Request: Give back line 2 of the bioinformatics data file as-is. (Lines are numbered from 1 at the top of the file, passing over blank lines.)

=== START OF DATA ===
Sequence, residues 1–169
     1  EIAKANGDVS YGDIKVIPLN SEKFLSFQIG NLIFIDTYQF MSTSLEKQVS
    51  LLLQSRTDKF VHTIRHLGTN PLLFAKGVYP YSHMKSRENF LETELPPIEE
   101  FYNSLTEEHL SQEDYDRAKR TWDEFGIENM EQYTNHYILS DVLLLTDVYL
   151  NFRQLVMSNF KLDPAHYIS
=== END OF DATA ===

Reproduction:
     1  EIAKANGDVS YGDIKVIPLN SEKFLSFQIG NLIFIDTYQF MSTSLEKQVS